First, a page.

Biogas law fails: Greens disappointed by SPÖ

It is intended to reduce Austria’s independence from natural gas in the long term: the Renewable Gas Act (EGG). After a long struggle, the ÖVP and the Greens agreed in principle on a draft. What exactly is this about?

Gas suppliers should be forced to gradually replace fossil natural gas with biogas. Until already By 2030, about 4.2 million tons of CO2 will be saved. From 2030, around 7.5 terawatt hours (TWh) of renewable biogas will be fed into Austria’s gas network each year. This will cover ten percent of Austria’s gas needs. The basis of biogas is, among others, crop residues, manure, paddy crops, other unused organic waste or sewage sludge.

Strong criticism of SPÖ and FPÖ

Problem: A two-thirds majority in the National Council would have been necessary for a decision. As the FPÖ and SPÖ spoke against the EGG on Thursday, that will not happen for now. Reactions? split

Farmers Union President and ÖVP Agriculture Spokesperson George Strasser as well as a spokesperson for Green Energy Lucas Hammer Strongly critical of Red-Blue, the Labor House called for the bill to be amended next autumn. The Austrian Compost & Biogas Association spoke of “bad arguments” from opponents.

The Greens were disappointed in the SPÖ

“When it really comes down to it, the Liberal Party is punching the farmers over and over again,” Strasser said, according to the broadcast. It was “a clear decision of the FPÖ in favor of dependence on natural gas from Russia and against sustainable use of domestic biogas from residues”. At the SPÖ’s direction, the Farmers’ Union leader explained that they “naturally took into account the situation of Austrian families and small and medium-sized businesses”.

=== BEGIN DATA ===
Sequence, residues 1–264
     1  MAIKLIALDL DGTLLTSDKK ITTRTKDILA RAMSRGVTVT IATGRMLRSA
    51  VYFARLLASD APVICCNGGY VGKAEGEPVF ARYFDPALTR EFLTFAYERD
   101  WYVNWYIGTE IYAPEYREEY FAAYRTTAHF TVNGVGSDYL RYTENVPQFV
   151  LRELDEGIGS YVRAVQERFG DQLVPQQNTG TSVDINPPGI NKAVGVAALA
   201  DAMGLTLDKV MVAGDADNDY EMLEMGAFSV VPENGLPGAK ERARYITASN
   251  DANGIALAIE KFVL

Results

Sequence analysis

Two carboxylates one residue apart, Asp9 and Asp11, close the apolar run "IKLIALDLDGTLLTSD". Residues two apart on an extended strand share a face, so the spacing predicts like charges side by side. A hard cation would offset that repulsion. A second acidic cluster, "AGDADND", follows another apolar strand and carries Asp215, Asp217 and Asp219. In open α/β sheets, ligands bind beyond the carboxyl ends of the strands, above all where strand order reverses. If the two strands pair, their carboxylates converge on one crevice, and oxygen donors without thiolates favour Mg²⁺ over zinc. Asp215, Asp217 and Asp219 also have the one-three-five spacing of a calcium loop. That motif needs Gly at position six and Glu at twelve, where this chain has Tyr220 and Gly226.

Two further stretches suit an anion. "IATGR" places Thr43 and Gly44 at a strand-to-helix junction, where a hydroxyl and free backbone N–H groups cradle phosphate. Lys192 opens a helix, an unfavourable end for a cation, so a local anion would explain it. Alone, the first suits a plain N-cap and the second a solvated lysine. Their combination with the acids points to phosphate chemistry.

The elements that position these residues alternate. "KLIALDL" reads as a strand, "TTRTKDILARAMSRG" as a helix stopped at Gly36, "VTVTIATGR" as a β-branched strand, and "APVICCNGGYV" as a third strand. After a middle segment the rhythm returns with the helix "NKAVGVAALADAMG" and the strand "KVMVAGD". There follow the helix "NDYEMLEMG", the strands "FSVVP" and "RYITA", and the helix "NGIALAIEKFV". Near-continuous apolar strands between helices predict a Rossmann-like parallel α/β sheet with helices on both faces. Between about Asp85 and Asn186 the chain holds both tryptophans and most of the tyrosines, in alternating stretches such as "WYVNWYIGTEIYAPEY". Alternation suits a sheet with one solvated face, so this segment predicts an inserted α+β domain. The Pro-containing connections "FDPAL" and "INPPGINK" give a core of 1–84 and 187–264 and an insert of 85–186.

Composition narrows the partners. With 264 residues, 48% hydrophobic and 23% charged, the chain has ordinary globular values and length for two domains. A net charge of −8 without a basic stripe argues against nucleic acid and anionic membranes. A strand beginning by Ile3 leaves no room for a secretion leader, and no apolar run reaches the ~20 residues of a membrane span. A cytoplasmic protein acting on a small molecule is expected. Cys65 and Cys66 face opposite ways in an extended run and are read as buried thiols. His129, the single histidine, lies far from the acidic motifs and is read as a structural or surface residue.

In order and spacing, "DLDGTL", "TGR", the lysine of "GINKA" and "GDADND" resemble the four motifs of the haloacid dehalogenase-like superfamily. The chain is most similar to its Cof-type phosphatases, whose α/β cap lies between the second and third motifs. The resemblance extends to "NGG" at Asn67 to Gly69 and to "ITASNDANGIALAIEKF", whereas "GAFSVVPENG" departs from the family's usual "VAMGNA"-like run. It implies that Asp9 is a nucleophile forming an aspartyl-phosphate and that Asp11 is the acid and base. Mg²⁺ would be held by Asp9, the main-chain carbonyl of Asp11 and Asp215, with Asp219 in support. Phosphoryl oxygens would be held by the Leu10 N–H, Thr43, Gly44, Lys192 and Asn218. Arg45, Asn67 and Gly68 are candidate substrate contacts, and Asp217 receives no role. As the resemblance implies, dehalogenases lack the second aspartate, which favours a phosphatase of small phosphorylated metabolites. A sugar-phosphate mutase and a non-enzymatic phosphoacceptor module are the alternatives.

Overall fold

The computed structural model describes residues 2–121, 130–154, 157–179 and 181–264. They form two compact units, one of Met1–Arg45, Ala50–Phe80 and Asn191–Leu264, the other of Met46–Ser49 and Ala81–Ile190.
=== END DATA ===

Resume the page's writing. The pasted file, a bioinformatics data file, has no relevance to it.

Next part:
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The SPÖ criticized the fact that possible additional costs for families are not taken into account in the law and that a small amount of food is allowed to be used for production. The Greens now assume that the SPÖ does not want to concede. Most of the Reds’ demands were met, and they continued to make new ones.

Hammer was disappointed: “Instead of acting as one of the solutions for Austria’s energy independence, another historic opportunity is being lost in the fight against the climate crisis and dependence on Russian gas.”

SPÖ Arguments “No Longer Relevant”

Tobias Switzer Meanwhile the Chamber of Labor (AK) has meanwhile described the proposal under discussion as “inefficient”. Schweitzer said this would lead to “unacceptable costs for households and small businesses,” according to the broadcast. “According to our calculations, this could result in additional annual costs of 160 to 260 euros per family by 2030.” In principle, the AK spoke in favor of the biogas law and called for an amended proposal by the next plenary session in the fall.

According to a report by the Austrian Compost & Biogas Association, arguments about “significant additional costs” for household customers “simply no longer apply” in the final version of the draft. Likewise, there are fears of “food destruction in biogas plants” as new plants are only allowed to use waste and residues. “In the end, those regions that want to continue doing business with Russian gas and expect government subsidies if there are problems with gas supply and high gas prices have again imposed their will,” said Norbert Hummel from the interest group.

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Ecosystem Global 2000 spoke of a “black day for the energy transition” in Austria. “Only the fossil energy lobby can be happy today, and this decision brings many disadvantages to Austria,” said Johannes Wallmüller. “We are losing energy supply security, leaving opportunities for regional value creation untapped, especially in economically difficult times, while higher greenhouse gas emissions are simply accepted, resulting in billions worth of fines.”


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